Understanding Fast Ice in Polar Ecosystems and Climate Dynamics

Caitlin Dempsey

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Landfast sea ice, also known as fast ice, is sea ice that stays in place because it’s attached to the coast, icebergs, ice shelves, the ocean floor, or other features on the continental shelf.  The term gets its name from the fact that the sea ice is “fastened” to a land feature and doesn’t move with winds or ocean currents.

As frozen seawater attached to coastlines, fast ice regulates the seaward flow of land ice and provides a habitat for animals. Fast ice occurs in both the Arctic and Antarctic regions.

Fast ice forms in narrow bands, typically up to 200 km wide, and varies in thickness from a few centimeters to several meters. Fast usually forms in the fall and lasts through winter. Each summer, rising water and air temperatures near the Poles cause some fast ice to melt. Due to differences in geography and climate, Antarctic sea ice tends to melt more thoroughly in the summer compared to Arctic sea ice.

In some places the ice can persists throughout the summer and become multi-year ice. Multiyear ice becomes less salty and harder each year it survives the summer melt. In contrast, first-year ice is thinner, saltier, and more likely to melt during the following summer.


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A satellite image of a snowy landscape and ocean with swirls of ice near Greenland.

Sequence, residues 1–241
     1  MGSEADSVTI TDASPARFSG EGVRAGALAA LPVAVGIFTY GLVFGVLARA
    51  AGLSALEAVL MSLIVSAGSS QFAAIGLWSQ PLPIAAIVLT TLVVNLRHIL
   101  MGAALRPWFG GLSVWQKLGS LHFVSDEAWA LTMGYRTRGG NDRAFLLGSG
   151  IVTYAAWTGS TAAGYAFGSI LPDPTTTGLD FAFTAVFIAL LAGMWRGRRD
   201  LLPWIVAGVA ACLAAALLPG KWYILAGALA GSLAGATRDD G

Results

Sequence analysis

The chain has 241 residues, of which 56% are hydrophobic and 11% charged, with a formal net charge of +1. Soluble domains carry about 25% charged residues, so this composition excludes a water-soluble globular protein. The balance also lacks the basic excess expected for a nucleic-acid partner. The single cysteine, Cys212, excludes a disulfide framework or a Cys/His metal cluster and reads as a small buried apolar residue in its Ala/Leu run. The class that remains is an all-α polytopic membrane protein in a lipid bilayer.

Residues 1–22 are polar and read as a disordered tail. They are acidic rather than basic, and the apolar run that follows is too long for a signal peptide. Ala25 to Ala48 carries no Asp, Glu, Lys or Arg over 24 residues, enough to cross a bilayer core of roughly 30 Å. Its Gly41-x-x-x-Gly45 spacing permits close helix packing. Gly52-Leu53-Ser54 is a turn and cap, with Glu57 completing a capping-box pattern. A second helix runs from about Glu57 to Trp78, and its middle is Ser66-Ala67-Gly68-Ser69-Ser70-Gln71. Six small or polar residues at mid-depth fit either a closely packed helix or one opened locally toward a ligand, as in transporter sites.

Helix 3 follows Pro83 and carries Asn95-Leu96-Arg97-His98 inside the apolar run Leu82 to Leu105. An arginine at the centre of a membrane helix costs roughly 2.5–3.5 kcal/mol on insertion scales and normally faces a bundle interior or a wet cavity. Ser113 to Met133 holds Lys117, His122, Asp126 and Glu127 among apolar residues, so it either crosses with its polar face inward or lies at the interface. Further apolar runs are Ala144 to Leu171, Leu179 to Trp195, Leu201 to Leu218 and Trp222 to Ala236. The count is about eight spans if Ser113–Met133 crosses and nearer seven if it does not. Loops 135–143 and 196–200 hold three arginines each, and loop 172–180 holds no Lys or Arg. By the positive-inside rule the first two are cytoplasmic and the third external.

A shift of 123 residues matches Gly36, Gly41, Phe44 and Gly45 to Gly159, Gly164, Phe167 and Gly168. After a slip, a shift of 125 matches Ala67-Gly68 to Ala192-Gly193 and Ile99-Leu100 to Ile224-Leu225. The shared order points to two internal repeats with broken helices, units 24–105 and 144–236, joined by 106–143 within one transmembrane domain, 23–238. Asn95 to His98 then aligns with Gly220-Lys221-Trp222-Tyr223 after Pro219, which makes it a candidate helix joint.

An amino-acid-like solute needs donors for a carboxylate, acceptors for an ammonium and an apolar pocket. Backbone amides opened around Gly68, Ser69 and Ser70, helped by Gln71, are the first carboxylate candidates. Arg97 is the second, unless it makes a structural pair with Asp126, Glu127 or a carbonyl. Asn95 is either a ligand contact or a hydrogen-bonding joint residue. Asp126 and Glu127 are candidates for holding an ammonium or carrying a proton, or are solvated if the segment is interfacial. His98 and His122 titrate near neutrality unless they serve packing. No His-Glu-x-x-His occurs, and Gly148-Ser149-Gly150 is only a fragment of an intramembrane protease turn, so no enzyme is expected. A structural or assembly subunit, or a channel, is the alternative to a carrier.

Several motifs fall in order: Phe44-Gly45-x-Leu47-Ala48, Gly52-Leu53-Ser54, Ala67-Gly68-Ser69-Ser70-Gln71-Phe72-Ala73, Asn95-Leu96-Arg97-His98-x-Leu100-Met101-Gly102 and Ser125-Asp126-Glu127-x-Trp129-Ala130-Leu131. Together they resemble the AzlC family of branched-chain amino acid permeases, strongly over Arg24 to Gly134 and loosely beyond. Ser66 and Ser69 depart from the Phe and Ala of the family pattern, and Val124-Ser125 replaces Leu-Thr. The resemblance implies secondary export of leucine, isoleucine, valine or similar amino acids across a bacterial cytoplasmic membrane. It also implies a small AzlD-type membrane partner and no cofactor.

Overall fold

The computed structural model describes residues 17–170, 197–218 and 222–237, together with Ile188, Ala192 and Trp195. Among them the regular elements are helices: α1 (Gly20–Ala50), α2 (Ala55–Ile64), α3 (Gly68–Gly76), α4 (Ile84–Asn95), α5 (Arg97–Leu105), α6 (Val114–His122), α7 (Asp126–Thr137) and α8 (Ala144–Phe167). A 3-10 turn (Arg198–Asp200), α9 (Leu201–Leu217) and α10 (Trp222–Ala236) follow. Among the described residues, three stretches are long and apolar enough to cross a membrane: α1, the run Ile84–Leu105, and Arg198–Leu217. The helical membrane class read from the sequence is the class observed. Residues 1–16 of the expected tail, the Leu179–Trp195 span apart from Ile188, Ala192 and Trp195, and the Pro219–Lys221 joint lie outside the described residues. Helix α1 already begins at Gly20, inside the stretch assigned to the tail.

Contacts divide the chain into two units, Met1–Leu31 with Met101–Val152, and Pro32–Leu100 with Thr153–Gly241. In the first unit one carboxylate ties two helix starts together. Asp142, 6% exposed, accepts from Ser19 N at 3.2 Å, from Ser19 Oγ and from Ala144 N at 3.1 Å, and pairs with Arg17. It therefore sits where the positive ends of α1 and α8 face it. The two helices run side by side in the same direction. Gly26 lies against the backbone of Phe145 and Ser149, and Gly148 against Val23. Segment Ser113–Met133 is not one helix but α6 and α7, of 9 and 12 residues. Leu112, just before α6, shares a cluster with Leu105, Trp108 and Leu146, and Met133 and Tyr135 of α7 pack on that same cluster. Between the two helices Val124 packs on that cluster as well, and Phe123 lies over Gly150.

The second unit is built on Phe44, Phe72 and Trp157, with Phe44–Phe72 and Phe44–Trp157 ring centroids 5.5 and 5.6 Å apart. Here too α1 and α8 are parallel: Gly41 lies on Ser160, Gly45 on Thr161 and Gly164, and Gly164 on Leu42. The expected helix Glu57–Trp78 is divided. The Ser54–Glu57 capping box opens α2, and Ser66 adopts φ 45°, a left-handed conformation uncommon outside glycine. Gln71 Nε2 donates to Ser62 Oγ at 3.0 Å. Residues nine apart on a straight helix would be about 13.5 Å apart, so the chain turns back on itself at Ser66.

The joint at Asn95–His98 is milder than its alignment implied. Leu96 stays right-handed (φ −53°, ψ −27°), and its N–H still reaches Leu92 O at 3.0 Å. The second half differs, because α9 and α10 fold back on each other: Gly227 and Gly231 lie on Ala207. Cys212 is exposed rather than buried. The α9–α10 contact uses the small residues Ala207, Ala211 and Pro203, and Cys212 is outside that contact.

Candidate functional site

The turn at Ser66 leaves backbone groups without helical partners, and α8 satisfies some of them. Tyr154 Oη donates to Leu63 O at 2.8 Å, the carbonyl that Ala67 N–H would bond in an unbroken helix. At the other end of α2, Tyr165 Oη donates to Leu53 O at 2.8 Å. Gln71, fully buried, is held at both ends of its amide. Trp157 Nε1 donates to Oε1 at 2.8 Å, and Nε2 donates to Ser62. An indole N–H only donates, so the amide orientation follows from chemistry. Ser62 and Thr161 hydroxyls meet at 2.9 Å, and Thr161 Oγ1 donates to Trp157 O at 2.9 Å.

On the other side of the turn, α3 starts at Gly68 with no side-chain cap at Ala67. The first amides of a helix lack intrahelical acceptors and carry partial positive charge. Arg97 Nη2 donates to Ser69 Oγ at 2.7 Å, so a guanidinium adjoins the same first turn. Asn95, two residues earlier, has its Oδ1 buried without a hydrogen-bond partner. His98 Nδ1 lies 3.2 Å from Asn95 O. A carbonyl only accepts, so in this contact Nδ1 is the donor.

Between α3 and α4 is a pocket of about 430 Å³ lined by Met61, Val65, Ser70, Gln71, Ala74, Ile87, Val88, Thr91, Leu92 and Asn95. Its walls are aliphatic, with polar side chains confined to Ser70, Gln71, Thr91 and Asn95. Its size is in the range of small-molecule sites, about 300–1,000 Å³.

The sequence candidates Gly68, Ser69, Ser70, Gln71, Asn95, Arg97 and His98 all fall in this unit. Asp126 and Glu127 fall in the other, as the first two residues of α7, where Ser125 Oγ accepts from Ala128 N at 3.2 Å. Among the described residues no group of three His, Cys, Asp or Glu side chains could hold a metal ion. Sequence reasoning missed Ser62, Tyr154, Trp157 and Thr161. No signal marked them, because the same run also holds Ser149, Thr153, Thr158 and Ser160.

Fast ice, anchored to the shore or the shallow ocean bottom, is visible at the top of this satellite image and along various sections of the coast. Image: MODIS, NASA, public domain, June 4, 2024.

Types of fast ice

Fast ice can be classified into two types: level fast ice and rough fast ice. Level fast ice forms directly as the water cools. Rough fast ice forms when level ice breaks and moves around or when pack ice becomes stuck due to dynamic interactions. Both types can become thicker through various processes.

Fast ice versus pack ice

Fast ice is attached to the shore or the sea floor, while pack ice moves freely with the currents and winds. As pack ice drifts, gaps called leads frequently open and close between the ice floes. Some openings, known as polynyas, remain open for longer periods due to strong winds or ocean currents.

An annotated satellite image of a white icy area.
An annotated satellite image showing pack ice and fast ice. Image: MODIS satellite image, NASA, public domain.

The important of fast ice

Despite covering only a small portion of the total sea ice (about 4% to 13%), fast ice significantly influences various physical, biological, and chemical processes, impacting both local environments and the global system. Until recently, fast ice was often ignored in research because its distribution wasn’t well understood, earning it the label of a “missing piece of the Antarctic puzzle.”

References

Fraser, A. D., Wongpan, P., Langhorne, P. J., Klekociuk, A. R., Kusahara, K., Lannuzel, D., … & Wienecke, B. (2023). Antarctic landfast sea ice: A review of its physics, biogeochemistry and ecologyReviews of Geophysics61(2), e2022RG000770. DOI: 10.1029/2022RG000770

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About the author
Caitlin Dempsey
Caitlin Dempsey is the editor of Geography Realm and holds a master's degree in Geography from UCLA as well as a Master of Library and Information Science (MLIS) from SJSU.